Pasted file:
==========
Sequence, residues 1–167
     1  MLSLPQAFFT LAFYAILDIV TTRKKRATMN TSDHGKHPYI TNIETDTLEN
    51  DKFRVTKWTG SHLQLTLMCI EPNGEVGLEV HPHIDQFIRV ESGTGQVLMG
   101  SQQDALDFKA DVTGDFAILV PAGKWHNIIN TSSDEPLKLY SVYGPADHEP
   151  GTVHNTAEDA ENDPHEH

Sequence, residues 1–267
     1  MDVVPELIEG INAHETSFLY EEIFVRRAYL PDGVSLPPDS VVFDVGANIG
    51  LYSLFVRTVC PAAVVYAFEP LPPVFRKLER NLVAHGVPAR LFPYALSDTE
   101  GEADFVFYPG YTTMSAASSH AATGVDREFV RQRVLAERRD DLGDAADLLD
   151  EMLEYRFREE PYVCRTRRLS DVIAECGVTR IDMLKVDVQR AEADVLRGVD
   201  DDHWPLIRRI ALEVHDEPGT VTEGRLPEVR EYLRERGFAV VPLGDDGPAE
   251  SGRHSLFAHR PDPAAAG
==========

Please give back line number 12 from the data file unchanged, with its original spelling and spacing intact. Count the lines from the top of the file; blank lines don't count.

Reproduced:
   251  SGRHSLFAHR PDPAAAG